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McKinley EIA Study 2011

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  • 1. 2011 Economic Impact on Associations:A Benchmarking Report on Priorities,Challenges and Strategies for 2011LOOK : LEARN : PLAN : DELIVER mckinleymarketing.com
  • 2. 2011 State of Associations | Partial List of Participating Associations February 2011 Dear Colleagues: McKinley’s 2011 Economic Impact on Associations (EIA) Study marks the fourth installment of our series which examines the impact of economic conditions on our sector. The report provides insight on how the reality of 2010 compared to expectations, measures the impact and effectiveness of various marketing techniques and gauges perceptions of the year to come. The EIA Study is based on the responses of close to 300 participating association executives who generously shared their time and responses. This year we are able to provide an important historical perspective, as most of the results include three years of trend data. Without any significant changes in the demographic makeup of the respondents, the 2011 EIA Study shows marked improvements along almost every major economic indicator. Indeed, we are pleased to report that it appears that the association community has turned a corner on the road to recovery. We appreciate your feedback and look forward to partnering with the association community in the future to deliver meaningful studies that will help organizations expand their knowledge and implement effective practices. Please do not hesitate to get in touch should you have any questions, wish to discuss the data in more detail or would like to arrange for a presentation of the data for your senior staff or board of directors. Best wishes for a prosperous 2011. Best regards, Jodie Slaughter Jay Younger Shelley Sanner, CAE President & Managing Partner & Managing Consultant Founding Partner Chief Consultant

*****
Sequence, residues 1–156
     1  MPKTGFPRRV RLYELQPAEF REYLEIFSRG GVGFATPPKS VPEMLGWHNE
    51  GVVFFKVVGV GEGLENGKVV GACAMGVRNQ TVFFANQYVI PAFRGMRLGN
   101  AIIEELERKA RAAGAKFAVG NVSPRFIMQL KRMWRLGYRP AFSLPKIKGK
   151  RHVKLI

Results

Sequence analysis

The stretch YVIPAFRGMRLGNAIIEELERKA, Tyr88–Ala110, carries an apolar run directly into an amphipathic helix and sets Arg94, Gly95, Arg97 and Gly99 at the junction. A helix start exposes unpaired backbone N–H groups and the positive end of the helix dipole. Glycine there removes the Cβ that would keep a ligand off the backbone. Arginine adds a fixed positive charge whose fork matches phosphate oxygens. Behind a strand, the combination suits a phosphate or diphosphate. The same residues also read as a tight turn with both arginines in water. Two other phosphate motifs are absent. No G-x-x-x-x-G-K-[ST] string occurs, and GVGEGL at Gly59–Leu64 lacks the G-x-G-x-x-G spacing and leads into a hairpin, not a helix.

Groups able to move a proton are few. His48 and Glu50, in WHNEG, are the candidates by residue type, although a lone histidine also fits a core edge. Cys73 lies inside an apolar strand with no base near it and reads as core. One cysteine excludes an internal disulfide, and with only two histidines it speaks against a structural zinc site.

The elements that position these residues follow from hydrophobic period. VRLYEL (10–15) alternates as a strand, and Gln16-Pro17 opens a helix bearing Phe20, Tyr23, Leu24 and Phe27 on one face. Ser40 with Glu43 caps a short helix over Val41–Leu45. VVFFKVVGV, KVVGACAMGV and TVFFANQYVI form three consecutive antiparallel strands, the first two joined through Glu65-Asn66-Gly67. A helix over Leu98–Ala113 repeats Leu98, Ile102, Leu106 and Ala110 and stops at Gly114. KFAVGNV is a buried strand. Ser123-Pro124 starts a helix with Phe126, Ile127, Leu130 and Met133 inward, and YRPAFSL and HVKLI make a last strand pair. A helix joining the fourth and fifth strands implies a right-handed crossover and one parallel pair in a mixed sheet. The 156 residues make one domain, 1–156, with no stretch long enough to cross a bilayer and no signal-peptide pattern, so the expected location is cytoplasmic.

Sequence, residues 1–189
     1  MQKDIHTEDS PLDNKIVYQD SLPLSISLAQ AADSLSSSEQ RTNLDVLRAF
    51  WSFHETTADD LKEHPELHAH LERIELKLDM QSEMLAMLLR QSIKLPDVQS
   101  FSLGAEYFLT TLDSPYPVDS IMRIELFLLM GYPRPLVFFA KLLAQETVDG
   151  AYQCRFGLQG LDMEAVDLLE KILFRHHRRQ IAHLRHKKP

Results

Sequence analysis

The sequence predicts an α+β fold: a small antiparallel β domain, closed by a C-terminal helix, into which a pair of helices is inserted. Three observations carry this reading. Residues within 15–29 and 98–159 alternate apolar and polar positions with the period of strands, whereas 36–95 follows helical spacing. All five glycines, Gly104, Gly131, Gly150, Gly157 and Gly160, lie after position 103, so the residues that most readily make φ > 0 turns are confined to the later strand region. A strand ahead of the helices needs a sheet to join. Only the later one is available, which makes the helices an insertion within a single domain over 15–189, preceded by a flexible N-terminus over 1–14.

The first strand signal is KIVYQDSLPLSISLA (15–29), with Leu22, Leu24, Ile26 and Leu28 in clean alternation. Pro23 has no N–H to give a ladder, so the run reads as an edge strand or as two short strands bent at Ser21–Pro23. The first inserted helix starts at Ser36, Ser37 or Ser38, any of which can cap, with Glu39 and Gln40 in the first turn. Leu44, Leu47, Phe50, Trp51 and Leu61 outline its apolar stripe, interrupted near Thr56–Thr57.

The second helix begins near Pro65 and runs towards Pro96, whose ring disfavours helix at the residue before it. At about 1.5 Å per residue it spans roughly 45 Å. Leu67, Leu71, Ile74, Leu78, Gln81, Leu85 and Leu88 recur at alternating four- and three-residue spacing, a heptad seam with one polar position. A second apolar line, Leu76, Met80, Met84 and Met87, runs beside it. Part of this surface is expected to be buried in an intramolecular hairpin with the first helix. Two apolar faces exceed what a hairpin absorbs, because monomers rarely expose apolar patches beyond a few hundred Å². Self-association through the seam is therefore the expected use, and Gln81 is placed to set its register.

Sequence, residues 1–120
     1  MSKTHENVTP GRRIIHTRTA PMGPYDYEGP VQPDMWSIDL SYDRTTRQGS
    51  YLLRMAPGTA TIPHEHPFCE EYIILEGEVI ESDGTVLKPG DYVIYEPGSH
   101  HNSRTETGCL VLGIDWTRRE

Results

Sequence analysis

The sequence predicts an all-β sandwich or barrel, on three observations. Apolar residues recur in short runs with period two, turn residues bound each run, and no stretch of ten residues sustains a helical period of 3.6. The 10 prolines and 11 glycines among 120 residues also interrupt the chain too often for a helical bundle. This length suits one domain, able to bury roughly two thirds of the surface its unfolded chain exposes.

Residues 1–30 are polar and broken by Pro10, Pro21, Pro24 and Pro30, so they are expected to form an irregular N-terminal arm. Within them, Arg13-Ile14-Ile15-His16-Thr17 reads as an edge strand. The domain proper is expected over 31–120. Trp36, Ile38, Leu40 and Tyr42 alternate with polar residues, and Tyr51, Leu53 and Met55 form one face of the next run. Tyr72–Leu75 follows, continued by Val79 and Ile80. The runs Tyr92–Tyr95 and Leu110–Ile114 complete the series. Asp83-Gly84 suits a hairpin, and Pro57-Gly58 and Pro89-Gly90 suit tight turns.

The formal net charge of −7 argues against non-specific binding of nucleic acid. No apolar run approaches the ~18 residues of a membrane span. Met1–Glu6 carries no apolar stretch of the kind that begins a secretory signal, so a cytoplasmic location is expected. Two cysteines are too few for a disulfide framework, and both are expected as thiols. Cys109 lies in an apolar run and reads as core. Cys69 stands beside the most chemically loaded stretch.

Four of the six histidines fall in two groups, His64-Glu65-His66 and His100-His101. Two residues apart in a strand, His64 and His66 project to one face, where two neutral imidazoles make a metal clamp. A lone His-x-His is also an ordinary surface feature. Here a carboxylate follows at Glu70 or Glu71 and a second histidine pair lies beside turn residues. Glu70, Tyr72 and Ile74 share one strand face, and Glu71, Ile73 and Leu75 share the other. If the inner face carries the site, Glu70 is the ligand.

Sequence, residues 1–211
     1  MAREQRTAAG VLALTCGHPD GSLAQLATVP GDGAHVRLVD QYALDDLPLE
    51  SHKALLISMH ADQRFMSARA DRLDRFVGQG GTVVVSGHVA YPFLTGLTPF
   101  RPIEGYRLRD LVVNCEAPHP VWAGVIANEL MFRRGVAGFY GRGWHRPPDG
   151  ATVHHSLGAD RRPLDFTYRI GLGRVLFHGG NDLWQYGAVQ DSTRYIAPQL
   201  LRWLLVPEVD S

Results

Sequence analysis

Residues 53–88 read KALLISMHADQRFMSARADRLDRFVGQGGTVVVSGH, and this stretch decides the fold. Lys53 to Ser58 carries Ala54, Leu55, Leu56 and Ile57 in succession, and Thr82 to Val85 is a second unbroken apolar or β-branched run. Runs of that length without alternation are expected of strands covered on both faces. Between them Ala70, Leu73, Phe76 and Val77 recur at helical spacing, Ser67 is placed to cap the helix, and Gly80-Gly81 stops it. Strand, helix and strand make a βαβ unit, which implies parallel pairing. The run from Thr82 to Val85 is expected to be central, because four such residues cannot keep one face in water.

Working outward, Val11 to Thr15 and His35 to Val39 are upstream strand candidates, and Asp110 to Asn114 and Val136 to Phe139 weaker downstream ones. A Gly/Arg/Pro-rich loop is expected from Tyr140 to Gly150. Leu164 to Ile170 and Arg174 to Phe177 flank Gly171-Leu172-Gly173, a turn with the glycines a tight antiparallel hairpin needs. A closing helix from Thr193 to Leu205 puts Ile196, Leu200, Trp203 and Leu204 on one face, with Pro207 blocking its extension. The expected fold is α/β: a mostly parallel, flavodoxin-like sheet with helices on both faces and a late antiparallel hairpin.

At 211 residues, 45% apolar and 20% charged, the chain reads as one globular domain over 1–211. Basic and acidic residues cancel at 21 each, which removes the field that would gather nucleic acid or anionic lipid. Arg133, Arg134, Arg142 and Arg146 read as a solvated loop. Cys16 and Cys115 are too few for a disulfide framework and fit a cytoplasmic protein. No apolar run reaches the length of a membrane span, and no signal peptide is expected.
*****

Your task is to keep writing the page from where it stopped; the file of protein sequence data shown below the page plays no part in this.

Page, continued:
• 3. 2011 State of Associations | Turning the Corner to RecoveryIntroduction > For many participants, the impact As 2010 drew to a close, McKinleyIn early 2009, McKinley Marketing of the recession in 2009 was not again invited participation from the(McKinley) developed the first in a as bad as expected. Going into association community on theseseries of research studies designed 2009, 82% of respondents expected important questions to establish ato examine how associations were that the economy would have an longitudinal picture of the ongoingdealing with a dramatically changed extremely or somewhat negative economic climate. McKinley noweconomic landscape. McKinley’s first impact on their ability to achieve presents the fourth installment ofEconomic Impact on Associations their goals in the coming year. the EIA series which includes three(EIA) Study indicated that association However, when asked to look back full years of trending data on manyexecutives were taking drastic on 2009, 37% of respondents felt questions.measures to reduce operating that actual results were about what was expected while 35% said Survey Methodexpenses and were apprehensive that results were not as bad as McKinley developed and deployedabout the looming impact of anticipated. an online survey to measure keyeconomic conditions on membership, data in the EIA Study. The surveymeeting attendance and other revenue > Participants were more optimistic was launched on December 3, 2010generating programs. Bugdet cuts, about the outlook for 2010, and remained open until January 7,layoffs, salary freezes and other cost- represented by a 15% drop in 2011 and received responses fromsavings measures were wide spread, the percentage of respondents 281 organizations, representing aand the sentiment for the coming year who thought the economy would broad spectrum of the associationwas decidedly negative. negatively impact their activities community. It is worth noting thatAs the pace of economic decline (82% in 2009 vs. 67% in 2010). the personal and organizationalmoderated, associations became Similarly, a small minority (13%) characteristics of EIA respondentssomewhat more optimistic about felt that the economy would have (e.g., budget size, sector, job respons-the outlook for the coming year. a positive effect on their ability to ibilities, organizational role, etc.) haveHighlights from McKinley’s second EIA meet their goals in the coming year. remained extraordinarily consistentStudy, published in February of 2010 > 42% of respondents accessed over the three year horizon of theseincluded the following key findings: reserves in 2009, with roughly studies. equal percentages using the funds to cover operating expenses and invest in new initiatives. > Despite the negative impact of economic conditions, nearly half of participating associations were trending upward in terms of membership over the past 5 years. If you wish to participate in future benchmarking studies or would like to arrange for a presentation of the EIA results to your senior staff or board of directors, please contact Shelley Sanner at ssanner@mckinleymarketing.com. McKinley Marketing 2011 Economic Impact on Associations | 3